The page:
Dogs can work hard – really hard. They will often play fetch, herd or do agility for what seems like hours on end. Many dogs will play until they have used every last bit of energy – then play some more!
Just like you, your favorite pooch needs to rest and recover properly after he has exerted himself. This is especially important for endurance training. Dogs too can suffer from muscle cramps, strains and dehydration; the proper rest and recovery procedures can help avoid injury and increase overall stamina.
Take periodic breaks
For people, letting the muscles relax periodically during strenuous exercise is one of the best ways to increase the length of the workouts, thereby increasing endurance. These breaks can be anywhere from 30 seconds to 5 minutes. The less experienced or fit a person is, the longer a break they should take in between bursts of exercise. We can extrapolate that this is probably very similar in dogs.
If you take breaks during your sessions, you should be able to increase your dog’s stamina and overall endurance. Just as when people go jogging, slowing down to a walk for a moment can also help make your dog less tired overall after your activity. It can also decrease the chances of injury.
How do I know when my dog needs to take a break?
You can usually exercise your dog as long as he seems to be having fun, and acts pretty comfortable. Generally, most dogs will let you know when they have had enough. They will usually begin to pant heavily. They may sit, lie down, slow down or stop altogether.
Once your dog begins to tire, you should stop and take a break. Some high-energy breeds will go til they drop, so if you see them begin to pant uncontrollably or gasp for air you should stop for at least 30 minutes to let their body recover.
Hydration is key during your break time. Depending on weather/temperature conditions you should stop at least every mile or two during your exercise to give your dog water. Only offer small amounts at a time. If the climate is particularly dry, or it is a hot, humid day, you may need to stop more often for water breaks. When the weather is colder they can go further with less water breaks of course it varies from dog to dog and you will learn your dog(s) as you exercise them in different conditions.
The end of your exercise routine should encompass some slow, recovery activity. If you were running hard, gradually slow to a brisk walk, then to a relaxed walk to allow the muscles to cool down gradually.
Recovery After Exercise
After you are finished, your pup will probably be thirsty and hungry. Start with small amounts of water at first. When dogs drink too much water soon after exercise, it tends to come right back up. Wait until dog is relaxed and no longer thirsty to begin offering food. (I always allow at least 1 hour between feeding and exercise) This is especially true for dogs with deep chests, like Great Danes and boxers, as this may increase their risk of gastric dilation and volvulous (GDV), otherwise known as bloat, which can be fatal.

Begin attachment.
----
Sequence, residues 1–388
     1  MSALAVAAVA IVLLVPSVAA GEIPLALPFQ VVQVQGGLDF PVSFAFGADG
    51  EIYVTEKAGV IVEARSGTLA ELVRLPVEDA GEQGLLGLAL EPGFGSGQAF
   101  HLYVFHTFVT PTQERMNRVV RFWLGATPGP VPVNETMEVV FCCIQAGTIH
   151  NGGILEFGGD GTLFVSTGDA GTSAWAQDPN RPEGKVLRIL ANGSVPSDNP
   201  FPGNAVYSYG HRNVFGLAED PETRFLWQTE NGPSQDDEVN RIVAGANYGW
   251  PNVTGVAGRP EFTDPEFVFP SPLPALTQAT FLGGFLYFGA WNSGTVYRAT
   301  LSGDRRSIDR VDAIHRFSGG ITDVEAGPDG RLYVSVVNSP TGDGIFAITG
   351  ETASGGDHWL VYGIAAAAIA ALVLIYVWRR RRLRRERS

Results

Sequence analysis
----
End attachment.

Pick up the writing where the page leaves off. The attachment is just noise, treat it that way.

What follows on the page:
Massage is an excellent way to help your dog recover from a strenuous session. This increases bloodflow to the area, which helps take away the waste products from muscle metabolism. It also feels really good for Fido! This is also another opportunity to bond with your dog.
Massage time is also a good opportunity to groom your dog and check for debris such as burrs or leaves in the fur. Checking for ticks is also a great idea.
Which breeds are better for endurance?
Gun dogs and herding dogs tend to make the best choice in breeds for long distance runs and endurance tasks. Retrievers, pointers, spaniels, and sight hounds were also bred to be hardworking and owner-pleasing. Breeds such as the Standard Poodle, Labrador retriever, Brittany spaniel, Jack Russell terrier, vizsla, Siberian husky, Alaskan malamute, Australian cattle dog, German shepherds, border collie, greyhound and Weimeraner make great choices, but other individual dogs of a different breed may be just as willing to work hard.
The worst breeds for endurance, jogging or heavy exercise would be any of the bracycephalic breeds. These are the breeds with squished faces, and include the pug, English bulldog, French bulldog, Boston terrier and the Mastiff breeds. They cannot get oxygen as well as other breeds due to the formation of their airways, which makes it harder for them to handle rigorous activities.
Increasing endurance comes with properly resting your dog’s body and giving it time to recover during and after your workout sessions. Use some of these hints to help make the most of your training, and increase your pup’s stamina.